To begin with, the memories of the just concluded event will be fresh on everybody’s mind. It’s also much easier to review every aspect of the event – from start to finish – and determine what went flawlessly and what might – if anything – needs to be slightly adjusted.

But, here’s the main reason the debriefing meeting is the most important – the fundraising auction committee for the next year’s event – especially the Chairs – absolutely must be present.

The information discussed at the debriefing meeting is a valuable resource for those who will be in charge of the next event. Their presence will reduce their stress level immensely.  It will also reduce their workload during the coming year.

It’s human nature to put the debriefing meeting off – or not have one at all. After all, the committee Chairs and committee worked so hard on the event they want to take a break and not think about it. These same individuals, along with the staff and volunteers, feel they need to get back to their lives, work and families, who they feel have been neglected in the weeks preceding the event.

So be sure to schedule a debriefing meeting within two weeks of the event.  And be sure the Chairs for the next event are present for the meeting.

It’s never too early to start planning.  And the initial planning should begin with a review.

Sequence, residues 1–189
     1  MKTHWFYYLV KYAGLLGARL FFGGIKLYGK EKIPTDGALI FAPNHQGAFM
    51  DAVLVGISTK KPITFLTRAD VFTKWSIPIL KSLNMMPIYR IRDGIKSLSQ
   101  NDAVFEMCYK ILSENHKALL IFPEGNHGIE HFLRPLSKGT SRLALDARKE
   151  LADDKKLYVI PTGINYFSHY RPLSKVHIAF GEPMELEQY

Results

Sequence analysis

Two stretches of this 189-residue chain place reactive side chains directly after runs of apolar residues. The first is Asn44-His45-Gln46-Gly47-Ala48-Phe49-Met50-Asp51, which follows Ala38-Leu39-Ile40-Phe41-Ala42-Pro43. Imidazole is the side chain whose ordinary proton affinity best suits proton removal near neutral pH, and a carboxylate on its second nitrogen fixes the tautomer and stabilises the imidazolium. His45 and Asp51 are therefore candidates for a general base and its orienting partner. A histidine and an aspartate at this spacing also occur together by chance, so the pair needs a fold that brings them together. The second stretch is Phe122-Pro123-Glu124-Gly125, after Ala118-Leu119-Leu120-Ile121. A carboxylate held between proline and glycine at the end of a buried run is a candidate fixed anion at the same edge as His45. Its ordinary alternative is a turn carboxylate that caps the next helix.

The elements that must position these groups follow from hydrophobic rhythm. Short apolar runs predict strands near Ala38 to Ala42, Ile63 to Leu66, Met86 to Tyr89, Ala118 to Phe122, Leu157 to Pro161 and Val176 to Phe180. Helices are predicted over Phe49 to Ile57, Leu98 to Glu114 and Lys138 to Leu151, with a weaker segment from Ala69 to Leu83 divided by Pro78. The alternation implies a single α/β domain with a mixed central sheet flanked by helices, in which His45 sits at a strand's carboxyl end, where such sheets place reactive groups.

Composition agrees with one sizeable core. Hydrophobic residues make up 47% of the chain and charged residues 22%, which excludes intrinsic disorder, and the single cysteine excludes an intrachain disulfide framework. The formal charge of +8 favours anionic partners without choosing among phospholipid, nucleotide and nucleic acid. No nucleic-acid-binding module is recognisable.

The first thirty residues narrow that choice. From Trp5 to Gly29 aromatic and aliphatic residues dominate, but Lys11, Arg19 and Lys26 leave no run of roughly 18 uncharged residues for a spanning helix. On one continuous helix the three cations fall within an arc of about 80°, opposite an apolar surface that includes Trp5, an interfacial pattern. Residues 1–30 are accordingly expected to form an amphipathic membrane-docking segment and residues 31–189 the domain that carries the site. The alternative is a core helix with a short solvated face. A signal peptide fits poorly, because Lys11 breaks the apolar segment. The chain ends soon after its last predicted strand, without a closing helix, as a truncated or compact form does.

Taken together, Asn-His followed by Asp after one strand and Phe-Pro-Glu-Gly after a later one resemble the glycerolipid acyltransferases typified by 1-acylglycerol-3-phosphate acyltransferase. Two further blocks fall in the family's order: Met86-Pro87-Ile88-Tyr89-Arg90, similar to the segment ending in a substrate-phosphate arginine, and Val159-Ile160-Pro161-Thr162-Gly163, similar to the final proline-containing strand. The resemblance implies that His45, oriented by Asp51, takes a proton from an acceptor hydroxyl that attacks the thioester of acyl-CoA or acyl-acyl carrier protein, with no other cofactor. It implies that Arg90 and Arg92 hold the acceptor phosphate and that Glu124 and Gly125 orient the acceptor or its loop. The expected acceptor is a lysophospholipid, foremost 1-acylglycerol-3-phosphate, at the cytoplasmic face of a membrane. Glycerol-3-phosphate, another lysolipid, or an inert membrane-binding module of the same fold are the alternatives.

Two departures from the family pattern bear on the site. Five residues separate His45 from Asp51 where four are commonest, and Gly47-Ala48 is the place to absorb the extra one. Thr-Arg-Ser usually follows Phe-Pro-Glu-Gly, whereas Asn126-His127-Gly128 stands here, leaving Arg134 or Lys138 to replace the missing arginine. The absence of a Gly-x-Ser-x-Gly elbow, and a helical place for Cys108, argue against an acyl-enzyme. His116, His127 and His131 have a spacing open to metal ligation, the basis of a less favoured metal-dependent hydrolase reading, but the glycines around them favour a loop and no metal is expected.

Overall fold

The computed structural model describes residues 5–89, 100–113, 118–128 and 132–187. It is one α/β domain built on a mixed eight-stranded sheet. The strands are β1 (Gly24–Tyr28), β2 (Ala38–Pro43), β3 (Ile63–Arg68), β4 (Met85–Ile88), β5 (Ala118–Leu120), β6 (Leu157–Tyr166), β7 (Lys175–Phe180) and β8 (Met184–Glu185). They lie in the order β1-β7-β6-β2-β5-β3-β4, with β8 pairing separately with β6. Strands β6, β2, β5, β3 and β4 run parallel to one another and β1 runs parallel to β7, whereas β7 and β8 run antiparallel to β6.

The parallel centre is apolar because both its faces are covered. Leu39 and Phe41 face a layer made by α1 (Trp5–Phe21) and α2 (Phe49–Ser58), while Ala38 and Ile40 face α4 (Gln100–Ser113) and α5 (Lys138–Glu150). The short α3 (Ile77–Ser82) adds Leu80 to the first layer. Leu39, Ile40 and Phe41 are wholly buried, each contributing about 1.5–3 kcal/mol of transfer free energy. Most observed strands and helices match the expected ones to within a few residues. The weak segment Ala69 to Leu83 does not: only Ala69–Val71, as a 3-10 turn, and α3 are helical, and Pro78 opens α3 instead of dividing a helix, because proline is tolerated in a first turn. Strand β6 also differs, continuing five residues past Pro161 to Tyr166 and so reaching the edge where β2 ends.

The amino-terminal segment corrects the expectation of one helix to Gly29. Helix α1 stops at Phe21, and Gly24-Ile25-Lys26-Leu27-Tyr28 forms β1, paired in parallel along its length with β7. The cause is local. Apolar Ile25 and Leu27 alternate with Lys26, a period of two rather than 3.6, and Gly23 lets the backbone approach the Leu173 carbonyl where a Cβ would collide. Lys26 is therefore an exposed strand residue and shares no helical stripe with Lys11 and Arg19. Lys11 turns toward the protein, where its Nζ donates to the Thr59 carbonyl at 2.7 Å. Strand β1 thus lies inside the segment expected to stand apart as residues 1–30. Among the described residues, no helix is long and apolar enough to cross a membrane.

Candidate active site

Video Marketing A Growing Trend (Part 2)

Posted by Scott On February 12th

video marketing a growing trend-Scott Robertson Fundraising Auctioneer

In our last blog we talked about the trend regarding the use of videos in promoting fundraising events. We also reviewed what the videos could promote including; the specific mission of the charity, the items up for auction and how past events helped change lives and made the community better – to name just a few.

Also discussed was the length of a video.  “Keep it short” was a repeated theme.  Some could be as short as 30 seconds – while others could run up to 2 minutes – but no longer. Remember, people’s attention spans aren’t what they used to be.

Now, it’s time to get your video on the Internet. It’s a relatively simple process – so don’t panic.

The easiest way to get your video on the Internet is by using YouTube and creating your very own channel.

To get started, go to On the upper right hand side will be a blue icon that says “Sign In.” Click it. The next thing – in the same position – is a red icon that says “Create an Account.” Click on it and fill out the form.


When you finish the “set up process” your channel will have been created.  You can than begin to upload your video or videos to your new YouTube channel.

video marketing trend a growin trend-Scott Robertson Fundraising Auctioneer

Now, there are 2 different ways to connect your new YouTube channel to your website.  The easiest is to have your website administrator set up a YouTube link on your site.  By doing this anyone on your website can click on the YouTube link and go directly to your YouTube Channel to view the videos.